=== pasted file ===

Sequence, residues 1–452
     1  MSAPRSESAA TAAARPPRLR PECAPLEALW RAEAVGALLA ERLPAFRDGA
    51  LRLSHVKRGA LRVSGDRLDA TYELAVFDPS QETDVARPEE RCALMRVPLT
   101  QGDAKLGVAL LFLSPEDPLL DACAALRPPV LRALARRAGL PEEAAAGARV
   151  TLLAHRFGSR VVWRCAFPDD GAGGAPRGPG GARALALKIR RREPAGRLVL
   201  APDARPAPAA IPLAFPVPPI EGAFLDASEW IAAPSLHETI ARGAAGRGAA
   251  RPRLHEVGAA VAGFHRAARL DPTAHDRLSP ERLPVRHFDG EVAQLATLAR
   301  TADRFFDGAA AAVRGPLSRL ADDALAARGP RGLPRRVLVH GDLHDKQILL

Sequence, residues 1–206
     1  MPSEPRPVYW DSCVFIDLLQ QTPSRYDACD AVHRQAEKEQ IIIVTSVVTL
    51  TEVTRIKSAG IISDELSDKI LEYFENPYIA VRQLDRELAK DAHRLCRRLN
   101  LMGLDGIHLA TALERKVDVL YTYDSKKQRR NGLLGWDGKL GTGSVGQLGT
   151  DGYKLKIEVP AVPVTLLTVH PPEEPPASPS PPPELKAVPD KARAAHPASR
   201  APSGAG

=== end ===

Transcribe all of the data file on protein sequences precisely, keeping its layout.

Sequence, residues 1–452
     1  MSAPRSESAA TAAARPPRLR PECAPLEALW RAEAVGALLA ERLPAFRDGA
    51  LRLSHVKRGA LRVSGDRLDA TYELAVFDPS QETDVARPEE RCALMRVPLT
   101  QGDAKLGVAL LFLSPEDPLL DACAALRPPV LRALARRAGL PEEAAAGARV
   151  TLLAHRFGSR VVWRCAFPDD GAGGAPRGPG GARALALKIR RREPAGRLVL
   201  APDARPAPAA IPLAFPVPPI EGAFLDASEW IAAPSLHETI ARGAAGRGAA
   251  RPRLHEVGAA VAGFHRAARL DPTAHDRLSP ERLPVRHFDG EVAQLATLAR
   301  TADRFFDGAA AAVRGPLSRL ADDALAARGP RGLPRRVLVH GDLHDKQILL

Sequence, residues 1–206
     1  MPSEPRPVYW DSCVFIDLLQ QTPSRYDACD AVHRQAEKEQ IIIVTSVVTL
    51  TEVTRIKSAG IISDELSDKI LEYFENPYIA VRQLDRELAK DAHRLCRRLN
   101  LMGLDGIHLA TALERKVDVL YTYDSKKQRR NGLLGWDGKL GTGSVGQLGT
   151  DGYKLKIEVP AVPVTLLTVH PPEEPPASPS PPPELKAVPD KARAAHPASR
   201  APSGAG